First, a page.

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Correspondence: The Collapse of Capitalism

Letter to the Editors
 
Dear Editor,—
 
I read with great interest your article entitled “The Collapse of Capitalism.”
 
There seems a great difference between "Capitalism in Collapse” and “Capitalism in imminent Collapse.” As the Communist Party of Russia has pointed out—the collapse may be extended over a period of years; Lenin says ten years.
 
The final stage of collapse will not be caused by production of commodities ceasing, but by the lack of world markets. In fact, production will be on such a large scale internationally that the distribution of the products will cease owing to the small incomes and unemployment of the wage slaves, and lack of markets. The collapse of Capitalism in Europe would bring down Capitalism in the West owing to the internationalism of our modern economic and political systems. Former great wars, such as the Napoleonic wars, form a very bad analogy, as in that war the instruments of production were not nearly so great as to-day, and there were new and coming markets, and less countries so productive as to-day.
 
Again, your question of Russia seems remarkable, coming from the “S. S.” Russia is relying on Capitalism to a certain extent, because, as the “S. S.” has often pointed out, Russia before the Revolution was not a developed Capitalist Empire. Its wage slaves were not “educated” to mind machines and produce wealth, as the wage slaves of U.S.A., Germany and England. From 1914-1920, wars crushed Russia. There is no need for me to repeat the terrible story to the readers of the "S. S.” Then came the drought. Yes, Comrades, Capitalism is in collapse, but like a candle which is near burning itself out; it flickers and flickers for a very long time, every moment it is expected to “go out,” and yet lingers on. But a time comes when it does die. How like Capitalism it is in collapse—it may last even for ten years, but what is ten years in the history of the world?
 
Of course, Socialists cannot afford to wait for the system to collapse! As we look at the struggle between Capitalism and International Socialism, we become keener on convincing the worker of the need for the common ownership and control of the instruments of production and the need to organise politically by the vote to take power, and industrially to take economic control. Nor can we afford to remain outside the struggle like the S.P.G.B., merely content to write fine articles.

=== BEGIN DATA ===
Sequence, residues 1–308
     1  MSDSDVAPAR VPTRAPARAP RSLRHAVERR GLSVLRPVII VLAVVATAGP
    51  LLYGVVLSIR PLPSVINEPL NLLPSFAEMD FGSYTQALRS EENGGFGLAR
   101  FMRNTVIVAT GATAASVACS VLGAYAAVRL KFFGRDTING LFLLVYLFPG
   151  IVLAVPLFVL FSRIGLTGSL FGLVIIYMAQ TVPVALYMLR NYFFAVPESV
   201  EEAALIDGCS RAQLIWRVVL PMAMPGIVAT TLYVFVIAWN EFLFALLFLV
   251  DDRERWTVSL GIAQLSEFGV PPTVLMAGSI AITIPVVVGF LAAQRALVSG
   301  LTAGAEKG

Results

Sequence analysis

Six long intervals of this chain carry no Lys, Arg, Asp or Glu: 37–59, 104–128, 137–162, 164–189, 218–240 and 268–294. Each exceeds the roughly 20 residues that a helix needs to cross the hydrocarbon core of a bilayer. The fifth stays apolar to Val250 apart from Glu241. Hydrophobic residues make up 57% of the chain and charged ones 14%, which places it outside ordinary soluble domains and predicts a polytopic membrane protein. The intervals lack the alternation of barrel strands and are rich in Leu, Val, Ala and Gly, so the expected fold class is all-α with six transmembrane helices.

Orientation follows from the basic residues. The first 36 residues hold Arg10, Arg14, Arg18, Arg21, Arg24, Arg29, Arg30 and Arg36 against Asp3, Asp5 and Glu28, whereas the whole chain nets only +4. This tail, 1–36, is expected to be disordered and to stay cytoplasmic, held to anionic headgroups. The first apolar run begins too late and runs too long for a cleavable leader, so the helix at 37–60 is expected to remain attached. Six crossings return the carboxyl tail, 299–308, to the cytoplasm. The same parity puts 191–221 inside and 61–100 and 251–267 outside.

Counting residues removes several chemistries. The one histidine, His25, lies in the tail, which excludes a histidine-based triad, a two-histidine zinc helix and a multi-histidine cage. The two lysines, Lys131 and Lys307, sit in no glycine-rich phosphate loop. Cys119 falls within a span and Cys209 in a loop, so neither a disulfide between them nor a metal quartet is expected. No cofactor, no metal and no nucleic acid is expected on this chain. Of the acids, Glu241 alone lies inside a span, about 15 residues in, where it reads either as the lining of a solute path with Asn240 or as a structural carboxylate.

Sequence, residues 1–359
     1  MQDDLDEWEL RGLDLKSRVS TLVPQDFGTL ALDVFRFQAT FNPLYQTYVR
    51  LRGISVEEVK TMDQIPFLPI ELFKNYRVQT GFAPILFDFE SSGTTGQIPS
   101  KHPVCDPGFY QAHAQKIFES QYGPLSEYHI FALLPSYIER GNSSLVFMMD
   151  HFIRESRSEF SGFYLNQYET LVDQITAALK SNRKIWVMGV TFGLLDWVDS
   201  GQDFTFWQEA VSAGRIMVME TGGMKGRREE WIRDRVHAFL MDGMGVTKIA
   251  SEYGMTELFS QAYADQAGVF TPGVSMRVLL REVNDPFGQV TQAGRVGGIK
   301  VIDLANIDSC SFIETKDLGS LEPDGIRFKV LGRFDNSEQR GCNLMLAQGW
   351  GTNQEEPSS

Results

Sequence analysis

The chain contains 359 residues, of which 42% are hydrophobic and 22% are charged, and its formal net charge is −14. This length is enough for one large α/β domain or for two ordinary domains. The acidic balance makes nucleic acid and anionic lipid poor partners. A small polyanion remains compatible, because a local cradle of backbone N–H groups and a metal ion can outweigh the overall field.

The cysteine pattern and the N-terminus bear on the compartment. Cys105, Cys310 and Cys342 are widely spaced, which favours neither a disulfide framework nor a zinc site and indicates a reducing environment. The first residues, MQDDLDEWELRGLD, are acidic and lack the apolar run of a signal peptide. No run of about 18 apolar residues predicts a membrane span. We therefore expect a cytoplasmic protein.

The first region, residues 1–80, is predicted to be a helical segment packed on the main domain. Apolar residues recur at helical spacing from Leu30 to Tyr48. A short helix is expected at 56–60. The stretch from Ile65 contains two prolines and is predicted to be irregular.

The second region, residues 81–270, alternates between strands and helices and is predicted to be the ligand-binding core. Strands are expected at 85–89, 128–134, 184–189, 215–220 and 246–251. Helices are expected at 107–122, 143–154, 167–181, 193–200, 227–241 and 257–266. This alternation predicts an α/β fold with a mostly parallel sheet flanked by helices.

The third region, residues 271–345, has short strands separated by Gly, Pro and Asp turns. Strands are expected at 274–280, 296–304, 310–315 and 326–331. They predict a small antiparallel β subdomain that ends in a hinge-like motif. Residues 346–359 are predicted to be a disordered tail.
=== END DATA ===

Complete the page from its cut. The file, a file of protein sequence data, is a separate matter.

Every struggle of the workers must be ours, and we must stand by them, even in the smallest of battles.
Yours faithfully;
" S. Warr.”
 
 
OUR REPLY.
First our correspondent points to the difference between “collapse” and “imminent collapse.” There is a difference, but it is one of date only, and not, as he suggests, one of form. A process of disintegration spread over a period of years cannot, in my opinion, accurately be described as a collapse. In any event, Palme Dutt did not appear to mean this process, and it would, seem, therefore, that Mr. Warr does not hold his view.
 
Palme Dutt’s view is, I think, very well expressed by the following extract from Herman Cahn’s “Collapse of Capitalism” : “A new force has grown up which no longer leaves the downfall of capitalism to the vague future, or its earlier ending to the spread of a high intelligence among the real proletariat, but makes the coming of that great event a matter of figures, and entirely independent of even the collective will of men. The war has enormously hastened the development of this force, and the catastrophe is imminent.” (Page 8.)